Thousands of patients consult GPs regarding dental issues

Around 380,000 patients go to their GP with a dental problem every year, according to a BJGP study

A new study by the British Journal of General Practice (BJGP) shows that hundreds of thousands of patients are wrongly going to their GP requiring dental advice or work each year.

Around 380,000 dental consultations occur at GP practices each year. The aim of the study was to discover why patients consult their GP rather than attending the dentist when experiencing teeth or gum problems.

This involved interviewing adults who consulted a UK GP with a dental problem in the previous year, recruiting participants via print and social media, online adverts, the Welsh national population research cohort and word of mouth. 39 interviews were conducted.

The BJGP found that the patients’ decision to visit their GP was influenced by various factors: their interpretation of their symptoms, perception of the scope of what GPs offer, the comparative ease of booking and navigating medical appointments compared with dental ones, anxiety around dental care and ability or willingness to pay for dental care.

According to the report, the answer to this issue is effective intervention in order to break down barriers that prevent access to dental care. Public-facing information may be needed in order to explain when and why dental care might be required, and practices should educate those presenting dental problems as necessary.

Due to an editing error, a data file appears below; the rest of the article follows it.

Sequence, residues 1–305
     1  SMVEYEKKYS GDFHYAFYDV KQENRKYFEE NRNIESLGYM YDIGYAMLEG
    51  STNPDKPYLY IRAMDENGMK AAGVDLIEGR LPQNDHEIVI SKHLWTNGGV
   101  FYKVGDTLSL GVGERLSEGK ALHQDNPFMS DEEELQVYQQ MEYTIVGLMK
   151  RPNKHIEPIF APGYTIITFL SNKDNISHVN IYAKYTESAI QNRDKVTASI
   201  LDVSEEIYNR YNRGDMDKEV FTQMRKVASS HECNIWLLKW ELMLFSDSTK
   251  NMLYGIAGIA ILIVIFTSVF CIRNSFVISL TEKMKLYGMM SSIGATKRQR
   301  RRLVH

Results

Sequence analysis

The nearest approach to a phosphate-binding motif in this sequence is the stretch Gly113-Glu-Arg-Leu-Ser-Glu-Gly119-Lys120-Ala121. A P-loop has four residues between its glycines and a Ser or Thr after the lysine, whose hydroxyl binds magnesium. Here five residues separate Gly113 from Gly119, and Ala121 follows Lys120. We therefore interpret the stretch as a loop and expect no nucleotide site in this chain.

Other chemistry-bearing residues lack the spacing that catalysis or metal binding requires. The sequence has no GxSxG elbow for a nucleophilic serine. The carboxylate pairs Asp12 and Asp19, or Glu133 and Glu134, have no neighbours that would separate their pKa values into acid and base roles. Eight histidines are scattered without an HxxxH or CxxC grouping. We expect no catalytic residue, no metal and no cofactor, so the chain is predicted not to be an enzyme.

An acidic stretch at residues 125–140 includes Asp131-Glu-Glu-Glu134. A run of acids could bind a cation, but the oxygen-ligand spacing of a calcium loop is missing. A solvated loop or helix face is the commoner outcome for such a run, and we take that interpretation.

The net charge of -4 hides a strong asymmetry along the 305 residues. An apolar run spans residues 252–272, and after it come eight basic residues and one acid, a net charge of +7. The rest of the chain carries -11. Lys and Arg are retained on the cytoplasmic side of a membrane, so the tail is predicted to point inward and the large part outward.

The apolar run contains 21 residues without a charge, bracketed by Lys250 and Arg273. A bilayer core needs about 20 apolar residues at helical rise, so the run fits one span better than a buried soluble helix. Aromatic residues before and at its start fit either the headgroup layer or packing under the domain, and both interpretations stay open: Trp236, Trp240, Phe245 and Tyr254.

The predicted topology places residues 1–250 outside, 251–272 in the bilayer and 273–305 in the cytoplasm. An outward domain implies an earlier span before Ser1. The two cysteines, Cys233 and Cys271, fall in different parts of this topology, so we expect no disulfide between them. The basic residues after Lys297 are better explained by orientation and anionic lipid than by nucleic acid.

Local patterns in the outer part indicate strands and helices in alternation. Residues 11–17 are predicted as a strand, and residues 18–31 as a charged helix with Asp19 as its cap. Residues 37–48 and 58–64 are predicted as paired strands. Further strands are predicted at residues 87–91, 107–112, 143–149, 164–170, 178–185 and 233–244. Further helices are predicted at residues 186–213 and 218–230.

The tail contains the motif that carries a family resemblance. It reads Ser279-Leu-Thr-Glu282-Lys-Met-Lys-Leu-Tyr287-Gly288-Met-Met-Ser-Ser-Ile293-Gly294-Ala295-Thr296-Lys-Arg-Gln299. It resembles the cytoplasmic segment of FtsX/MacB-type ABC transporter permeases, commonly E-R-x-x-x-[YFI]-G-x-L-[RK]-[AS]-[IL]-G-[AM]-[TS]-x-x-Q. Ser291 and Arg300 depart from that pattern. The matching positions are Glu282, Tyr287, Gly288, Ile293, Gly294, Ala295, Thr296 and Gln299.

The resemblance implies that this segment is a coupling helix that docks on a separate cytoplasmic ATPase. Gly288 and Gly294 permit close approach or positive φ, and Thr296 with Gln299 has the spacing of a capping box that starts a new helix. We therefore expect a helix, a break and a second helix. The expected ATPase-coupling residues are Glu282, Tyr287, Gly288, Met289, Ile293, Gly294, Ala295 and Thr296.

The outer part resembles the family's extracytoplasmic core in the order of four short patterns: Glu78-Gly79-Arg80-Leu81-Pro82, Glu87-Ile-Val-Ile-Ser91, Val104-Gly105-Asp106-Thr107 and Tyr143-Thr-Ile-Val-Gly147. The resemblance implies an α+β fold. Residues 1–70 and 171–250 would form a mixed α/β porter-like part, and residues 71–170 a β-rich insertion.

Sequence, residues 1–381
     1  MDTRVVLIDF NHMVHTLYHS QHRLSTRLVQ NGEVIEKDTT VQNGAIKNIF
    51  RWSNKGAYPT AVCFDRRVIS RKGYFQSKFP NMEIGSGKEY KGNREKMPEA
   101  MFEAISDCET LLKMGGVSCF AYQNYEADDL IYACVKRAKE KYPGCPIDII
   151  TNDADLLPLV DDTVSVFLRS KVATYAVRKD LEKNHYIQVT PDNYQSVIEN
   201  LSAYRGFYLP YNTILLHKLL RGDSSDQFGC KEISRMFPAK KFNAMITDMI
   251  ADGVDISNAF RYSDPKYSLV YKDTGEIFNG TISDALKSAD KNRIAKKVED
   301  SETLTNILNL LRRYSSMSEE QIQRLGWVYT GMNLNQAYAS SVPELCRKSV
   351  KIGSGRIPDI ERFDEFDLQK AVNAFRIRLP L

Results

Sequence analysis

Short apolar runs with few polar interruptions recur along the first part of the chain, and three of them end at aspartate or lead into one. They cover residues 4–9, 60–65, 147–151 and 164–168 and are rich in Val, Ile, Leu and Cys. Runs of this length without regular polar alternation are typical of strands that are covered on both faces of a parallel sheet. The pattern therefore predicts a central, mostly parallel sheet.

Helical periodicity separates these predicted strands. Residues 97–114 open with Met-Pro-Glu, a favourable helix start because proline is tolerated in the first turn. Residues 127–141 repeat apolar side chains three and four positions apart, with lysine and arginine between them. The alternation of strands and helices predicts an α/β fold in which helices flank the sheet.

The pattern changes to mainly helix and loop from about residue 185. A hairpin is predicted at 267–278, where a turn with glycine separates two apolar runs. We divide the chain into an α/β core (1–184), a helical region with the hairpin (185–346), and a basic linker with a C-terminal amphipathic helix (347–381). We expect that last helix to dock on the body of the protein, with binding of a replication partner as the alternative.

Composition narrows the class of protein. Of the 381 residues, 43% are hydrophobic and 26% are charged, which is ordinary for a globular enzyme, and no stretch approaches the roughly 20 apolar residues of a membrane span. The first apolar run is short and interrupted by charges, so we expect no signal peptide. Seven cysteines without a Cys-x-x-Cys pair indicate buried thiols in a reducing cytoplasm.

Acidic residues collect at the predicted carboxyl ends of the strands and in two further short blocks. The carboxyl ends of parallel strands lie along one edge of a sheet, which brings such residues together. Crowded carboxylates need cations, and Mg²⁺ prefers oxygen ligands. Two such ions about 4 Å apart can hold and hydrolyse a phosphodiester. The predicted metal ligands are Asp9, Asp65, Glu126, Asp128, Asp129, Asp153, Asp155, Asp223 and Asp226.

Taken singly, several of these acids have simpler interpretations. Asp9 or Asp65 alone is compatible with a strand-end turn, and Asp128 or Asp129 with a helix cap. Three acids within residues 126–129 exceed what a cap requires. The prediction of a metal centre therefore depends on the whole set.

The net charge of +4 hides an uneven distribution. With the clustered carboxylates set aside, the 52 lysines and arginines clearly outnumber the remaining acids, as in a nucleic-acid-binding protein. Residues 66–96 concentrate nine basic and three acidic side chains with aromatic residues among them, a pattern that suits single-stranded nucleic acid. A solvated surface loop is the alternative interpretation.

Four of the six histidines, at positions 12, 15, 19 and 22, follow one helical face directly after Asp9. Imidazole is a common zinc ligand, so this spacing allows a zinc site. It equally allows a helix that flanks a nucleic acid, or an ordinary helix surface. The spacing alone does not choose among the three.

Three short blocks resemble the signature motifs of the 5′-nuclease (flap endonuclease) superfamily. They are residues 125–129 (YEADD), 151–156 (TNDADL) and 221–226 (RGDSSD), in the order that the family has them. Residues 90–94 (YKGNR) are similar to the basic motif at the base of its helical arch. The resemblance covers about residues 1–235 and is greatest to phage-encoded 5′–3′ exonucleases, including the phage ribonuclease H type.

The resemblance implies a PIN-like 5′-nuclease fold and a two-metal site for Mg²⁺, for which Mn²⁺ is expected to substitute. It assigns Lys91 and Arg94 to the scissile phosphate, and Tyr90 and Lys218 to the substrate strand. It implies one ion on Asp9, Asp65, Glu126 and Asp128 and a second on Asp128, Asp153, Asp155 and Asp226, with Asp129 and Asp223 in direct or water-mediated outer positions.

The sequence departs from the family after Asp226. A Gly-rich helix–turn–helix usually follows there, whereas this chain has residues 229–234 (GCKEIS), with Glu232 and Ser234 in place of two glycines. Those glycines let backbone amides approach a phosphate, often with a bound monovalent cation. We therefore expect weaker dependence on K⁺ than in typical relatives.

Dental practices should also be encouraged to maintain timely access to urgent care for patients.

The Royal College of General Practitioners (RCGP) responded to the research, reiterating that GPs are not trained to take on dental issues.

Dr Steve Mowle, honorary treasurer of the Royal College of GPs, said:

“The health service is struggling across the board at the moment, and we recognise that patients may struggle to get an NHS dental appointment, just as we know many are finding it difficult to get a GP appointment.

“What’s essential is that patients understand where to turn when they need medical attention to access care most appropriate for their needs, and to ensure scant NHS resources are used most effectively.

“While GPs are trained to deal with a multitude of health concerns, we are not trained to treat dental problems – there are best left to the care of a professional dentist or, if required, urgent care services.

“With GPs already seeing more than a million patients in the UK every day, and increasing number of patients waiting more than a week to see a GP, seeing patients with dental problems isn’t the best use of our time, and anyone who does try to book an appointment for a dental problem will most likely be referred to an appropriate alternative.”

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